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Are tea party candidates backing away from promises to cut spending?

Let's hope not.  But in the time since the debt commission released its report calling for serious cuts in politicians' prized entitlement programs, conservatives have been surprisingly quiet after a campaign season hell-bent on cutting Washington's purse strings. 

To his credit, at least one newly elected Senator is talking about it: Senator-elect Rand Paul of Kentucky says the deficit commission's suggestions are nice, but not enough to solve America's fiscal crisis. 

It's gut-check time:

Paul (R-Ky.) wants the changes proposed by the bipartisan commission to take effect sooner, rather than over the course of several decades.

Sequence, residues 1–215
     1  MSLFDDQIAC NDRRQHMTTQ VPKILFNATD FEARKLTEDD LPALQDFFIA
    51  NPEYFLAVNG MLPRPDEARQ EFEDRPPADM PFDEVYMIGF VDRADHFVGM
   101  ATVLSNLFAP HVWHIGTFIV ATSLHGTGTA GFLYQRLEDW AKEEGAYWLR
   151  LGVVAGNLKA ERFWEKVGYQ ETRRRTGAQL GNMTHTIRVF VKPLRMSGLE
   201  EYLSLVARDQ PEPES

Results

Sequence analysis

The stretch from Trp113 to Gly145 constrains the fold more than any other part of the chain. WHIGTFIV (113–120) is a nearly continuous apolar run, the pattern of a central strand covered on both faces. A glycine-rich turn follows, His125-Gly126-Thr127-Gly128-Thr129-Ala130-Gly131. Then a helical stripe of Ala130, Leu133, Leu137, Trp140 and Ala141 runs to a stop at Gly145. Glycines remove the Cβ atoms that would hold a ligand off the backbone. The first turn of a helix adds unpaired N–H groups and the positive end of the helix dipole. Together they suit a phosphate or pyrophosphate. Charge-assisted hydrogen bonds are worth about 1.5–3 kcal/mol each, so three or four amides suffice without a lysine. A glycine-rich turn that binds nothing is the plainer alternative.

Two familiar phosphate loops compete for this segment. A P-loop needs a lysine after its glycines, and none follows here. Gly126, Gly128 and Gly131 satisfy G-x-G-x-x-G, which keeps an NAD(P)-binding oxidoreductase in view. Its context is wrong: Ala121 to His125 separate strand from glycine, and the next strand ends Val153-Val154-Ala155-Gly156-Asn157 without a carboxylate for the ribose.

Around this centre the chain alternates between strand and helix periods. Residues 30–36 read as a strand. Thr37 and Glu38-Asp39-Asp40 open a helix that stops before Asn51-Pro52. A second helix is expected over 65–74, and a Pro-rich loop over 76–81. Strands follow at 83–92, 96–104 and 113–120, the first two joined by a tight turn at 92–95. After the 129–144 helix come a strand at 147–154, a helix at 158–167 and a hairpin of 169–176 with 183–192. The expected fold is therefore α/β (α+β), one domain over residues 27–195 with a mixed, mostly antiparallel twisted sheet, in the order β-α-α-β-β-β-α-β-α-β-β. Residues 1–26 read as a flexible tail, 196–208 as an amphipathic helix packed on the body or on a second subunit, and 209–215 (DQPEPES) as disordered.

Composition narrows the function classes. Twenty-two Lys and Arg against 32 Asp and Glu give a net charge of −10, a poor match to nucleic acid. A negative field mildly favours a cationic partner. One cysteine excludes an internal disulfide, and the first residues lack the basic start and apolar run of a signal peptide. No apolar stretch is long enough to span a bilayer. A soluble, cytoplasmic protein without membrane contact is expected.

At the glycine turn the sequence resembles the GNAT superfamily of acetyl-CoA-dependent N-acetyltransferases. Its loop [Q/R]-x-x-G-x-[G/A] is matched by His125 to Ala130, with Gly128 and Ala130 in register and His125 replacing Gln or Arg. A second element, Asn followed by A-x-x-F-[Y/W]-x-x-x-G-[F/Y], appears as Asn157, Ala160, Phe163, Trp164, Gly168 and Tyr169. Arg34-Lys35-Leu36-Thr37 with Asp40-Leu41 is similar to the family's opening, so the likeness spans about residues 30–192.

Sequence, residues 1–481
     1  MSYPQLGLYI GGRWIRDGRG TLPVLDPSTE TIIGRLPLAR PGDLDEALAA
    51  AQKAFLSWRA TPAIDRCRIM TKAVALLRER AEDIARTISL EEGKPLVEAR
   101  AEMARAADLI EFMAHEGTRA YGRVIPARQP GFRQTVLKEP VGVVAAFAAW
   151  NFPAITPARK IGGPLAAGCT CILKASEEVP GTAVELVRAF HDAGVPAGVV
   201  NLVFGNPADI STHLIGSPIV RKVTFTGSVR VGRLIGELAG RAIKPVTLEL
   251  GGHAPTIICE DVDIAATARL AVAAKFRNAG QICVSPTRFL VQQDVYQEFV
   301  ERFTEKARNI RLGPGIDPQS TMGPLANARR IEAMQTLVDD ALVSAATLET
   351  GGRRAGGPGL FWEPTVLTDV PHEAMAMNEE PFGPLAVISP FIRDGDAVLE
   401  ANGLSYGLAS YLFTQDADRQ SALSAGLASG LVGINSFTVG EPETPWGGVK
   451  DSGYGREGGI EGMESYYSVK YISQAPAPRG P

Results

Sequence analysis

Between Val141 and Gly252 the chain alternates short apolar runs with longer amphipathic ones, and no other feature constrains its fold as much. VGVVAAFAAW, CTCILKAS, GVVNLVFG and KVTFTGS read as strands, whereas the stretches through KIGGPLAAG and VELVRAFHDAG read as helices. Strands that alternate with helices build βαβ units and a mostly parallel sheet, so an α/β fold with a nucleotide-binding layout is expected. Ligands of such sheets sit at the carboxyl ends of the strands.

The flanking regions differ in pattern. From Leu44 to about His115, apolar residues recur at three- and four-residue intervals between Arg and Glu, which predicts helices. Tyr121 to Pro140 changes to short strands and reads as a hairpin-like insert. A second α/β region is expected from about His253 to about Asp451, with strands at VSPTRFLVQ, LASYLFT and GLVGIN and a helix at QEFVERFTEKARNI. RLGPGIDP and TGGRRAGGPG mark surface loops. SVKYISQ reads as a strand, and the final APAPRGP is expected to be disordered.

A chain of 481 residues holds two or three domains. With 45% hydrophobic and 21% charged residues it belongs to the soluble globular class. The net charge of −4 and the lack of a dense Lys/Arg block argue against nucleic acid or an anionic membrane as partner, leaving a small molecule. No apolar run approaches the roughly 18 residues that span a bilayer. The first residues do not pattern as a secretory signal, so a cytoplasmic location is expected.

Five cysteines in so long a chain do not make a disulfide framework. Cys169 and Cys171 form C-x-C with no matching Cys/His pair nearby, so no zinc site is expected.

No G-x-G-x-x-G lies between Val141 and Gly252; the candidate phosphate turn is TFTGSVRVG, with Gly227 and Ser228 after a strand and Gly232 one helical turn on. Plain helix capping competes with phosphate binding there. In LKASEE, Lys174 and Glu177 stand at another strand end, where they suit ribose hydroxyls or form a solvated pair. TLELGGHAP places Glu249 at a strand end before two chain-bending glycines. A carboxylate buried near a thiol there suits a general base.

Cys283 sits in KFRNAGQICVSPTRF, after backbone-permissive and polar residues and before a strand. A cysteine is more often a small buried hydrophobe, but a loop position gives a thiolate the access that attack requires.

“The debt commission has some good ideas … but they are stretching it out over 30, 40, 50 years. I really think it’s going to be too little, too late,” he told Fox News in an interview to air Friday afternoon. “I tend to not think that proposals are too serious if they are over such a long period of time and they end up getting changed over that time.”…

“The report only came out a day or two ago. I guess I am just a little more bold than those in Washington,” he said.

“Those in Washington think a 30-year plan to balance the budget is bold, and I think that’s still anemic.”

Fox News' Neil Cavuto is also asking: where are all the tea partiers?

One last thing…
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